‘The House That Dripped Blood’ was right in the middle of the Hammer Horror era. It is different as in it is not a Dracula movie, which was also the rage in that time – more so than it is today – and it wasn’t a Frankenstein film, another story that has become famous through the screen as well as the book. It has its own twist on the haunted house theme. Think of it as a 70s version of ‘The Grudge’ – whoever goes into that house and stays will suffer a grotesque fate, usually depending on their personality and attitudes when they go in. But instead of a ghost haunting the place, the house is haunted without any help from external forces.

Because the film is based on four short stories all linked together, it is told in flashback. We are told the story about the house in the same sequence as the main protagonist, the Scotland Yard detective, who is increasingly skeptical about the happenings. He doesn’t believe in a haunted house and that it might be responsible for the disappearance of a missing film star he has been brought in on. That role of the film star, played by Jon Pertwee, was certainly an interesting view for myself, having seen him in more comic roles such as in the ‘Carry On’ films and listening to him on the radio in ‘The Navy Lark’. He pulled off a serious actor brilliantly, and it was worth the wait to see him.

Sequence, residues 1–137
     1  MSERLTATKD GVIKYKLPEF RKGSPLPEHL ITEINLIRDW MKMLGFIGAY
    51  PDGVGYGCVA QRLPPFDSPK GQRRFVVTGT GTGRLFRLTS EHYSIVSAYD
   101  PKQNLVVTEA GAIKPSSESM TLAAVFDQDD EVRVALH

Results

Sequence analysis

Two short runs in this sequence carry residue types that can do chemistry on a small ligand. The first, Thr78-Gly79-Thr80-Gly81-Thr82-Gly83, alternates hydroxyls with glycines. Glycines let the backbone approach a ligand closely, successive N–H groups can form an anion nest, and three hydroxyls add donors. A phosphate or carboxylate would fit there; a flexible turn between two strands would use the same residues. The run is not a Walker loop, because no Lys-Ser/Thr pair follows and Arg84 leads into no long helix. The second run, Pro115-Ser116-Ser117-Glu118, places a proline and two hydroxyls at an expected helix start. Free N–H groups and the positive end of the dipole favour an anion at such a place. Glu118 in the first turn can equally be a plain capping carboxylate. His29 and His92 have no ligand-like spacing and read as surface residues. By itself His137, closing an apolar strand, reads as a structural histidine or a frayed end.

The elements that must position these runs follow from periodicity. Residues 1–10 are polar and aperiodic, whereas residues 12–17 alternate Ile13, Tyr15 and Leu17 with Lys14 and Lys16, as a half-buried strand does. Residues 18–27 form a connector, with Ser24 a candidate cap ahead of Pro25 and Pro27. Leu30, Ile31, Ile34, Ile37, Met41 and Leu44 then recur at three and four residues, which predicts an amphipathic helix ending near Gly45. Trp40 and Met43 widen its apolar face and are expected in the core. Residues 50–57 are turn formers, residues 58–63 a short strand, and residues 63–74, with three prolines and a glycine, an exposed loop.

The film is certainly advertised well with an array of actors that everyone would recognize nowadays.